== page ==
Everybody has a home team: It’s the people you call when you get a flat tire or when something terrible happens. It’s the people who, near or far, know everything that’s wrong with you and love you anyways. These are the ones who tell you their secrets, who get themselves a glass of water without asking when they’re at your house. These are the people who cry when you cry. These are your people, your middle-of-the-night, no-matter-what people.
There’s something about arriving in new cities, wandering empty streets with no destination. I will never lose the love for the arriving, but I'm born to leave.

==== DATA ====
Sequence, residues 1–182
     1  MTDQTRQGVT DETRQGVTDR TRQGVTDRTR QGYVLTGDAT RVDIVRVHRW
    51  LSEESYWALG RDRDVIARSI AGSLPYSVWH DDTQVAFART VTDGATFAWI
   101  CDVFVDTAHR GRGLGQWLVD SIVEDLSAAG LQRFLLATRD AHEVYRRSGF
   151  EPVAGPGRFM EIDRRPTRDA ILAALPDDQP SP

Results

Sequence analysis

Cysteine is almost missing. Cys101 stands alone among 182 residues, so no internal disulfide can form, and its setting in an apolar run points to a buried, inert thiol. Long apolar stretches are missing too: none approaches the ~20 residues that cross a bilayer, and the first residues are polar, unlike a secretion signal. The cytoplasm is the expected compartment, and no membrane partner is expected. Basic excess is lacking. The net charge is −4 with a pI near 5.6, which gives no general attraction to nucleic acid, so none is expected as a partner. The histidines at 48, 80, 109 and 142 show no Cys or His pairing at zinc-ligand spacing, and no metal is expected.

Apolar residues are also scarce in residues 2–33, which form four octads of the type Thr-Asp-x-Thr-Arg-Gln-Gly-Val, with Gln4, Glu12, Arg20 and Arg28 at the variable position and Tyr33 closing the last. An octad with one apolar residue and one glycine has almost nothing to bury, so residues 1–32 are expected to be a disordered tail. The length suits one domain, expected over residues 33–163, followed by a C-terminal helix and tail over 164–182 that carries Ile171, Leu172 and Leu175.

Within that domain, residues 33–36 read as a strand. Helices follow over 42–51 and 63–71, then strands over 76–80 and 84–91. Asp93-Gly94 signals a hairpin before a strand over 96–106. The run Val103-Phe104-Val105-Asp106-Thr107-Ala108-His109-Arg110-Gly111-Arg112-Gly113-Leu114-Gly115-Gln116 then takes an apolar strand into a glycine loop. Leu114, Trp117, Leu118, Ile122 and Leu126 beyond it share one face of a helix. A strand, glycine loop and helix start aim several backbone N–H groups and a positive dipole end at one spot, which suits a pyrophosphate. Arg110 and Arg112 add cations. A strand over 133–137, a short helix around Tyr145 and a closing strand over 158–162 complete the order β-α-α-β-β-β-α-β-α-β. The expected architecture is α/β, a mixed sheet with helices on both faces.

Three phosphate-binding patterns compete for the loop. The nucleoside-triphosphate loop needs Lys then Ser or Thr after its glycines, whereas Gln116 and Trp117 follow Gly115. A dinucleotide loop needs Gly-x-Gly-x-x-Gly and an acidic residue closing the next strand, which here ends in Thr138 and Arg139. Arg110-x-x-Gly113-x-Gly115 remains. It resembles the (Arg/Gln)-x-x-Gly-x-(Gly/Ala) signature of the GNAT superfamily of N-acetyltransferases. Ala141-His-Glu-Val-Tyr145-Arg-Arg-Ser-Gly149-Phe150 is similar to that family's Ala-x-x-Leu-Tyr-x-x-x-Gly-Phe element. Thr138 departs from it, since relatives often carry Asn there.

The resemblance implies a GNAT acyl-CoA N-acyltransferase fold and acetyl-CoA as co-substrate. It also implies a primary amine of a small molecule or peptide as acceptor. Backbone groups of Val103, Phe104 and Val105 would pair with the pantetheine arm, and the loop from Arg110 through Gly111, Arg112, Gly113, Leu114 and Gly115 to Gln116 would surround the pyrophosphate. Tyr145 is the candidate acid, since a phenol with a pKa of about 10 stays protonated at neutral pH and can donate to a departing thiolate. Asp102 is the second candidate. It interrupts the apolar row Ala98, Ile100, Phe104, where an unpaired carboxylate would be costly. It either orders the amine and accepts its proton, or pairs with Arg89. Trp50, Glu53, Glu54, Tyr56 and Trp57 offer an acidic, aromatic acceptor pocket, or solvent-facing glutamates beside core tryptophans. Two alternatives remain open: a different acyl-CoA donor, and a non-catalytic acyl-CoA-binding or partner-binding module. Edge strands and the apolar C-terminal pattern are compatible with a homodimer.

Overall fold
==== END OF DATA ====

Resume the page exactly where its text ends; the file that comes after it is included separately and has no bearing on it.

The desire to go home that is a desire to be whole, to know where you are, to be the point of intersection of all the lines drawn through all the stars, to be the constellation-maker and the center of the world, that center called love. To awaken from sleep, to rest from awakening, to tame the animal, to let the soul go wild, to shelter in darkness and blaze with light, to cease to speak and be perfectly understood.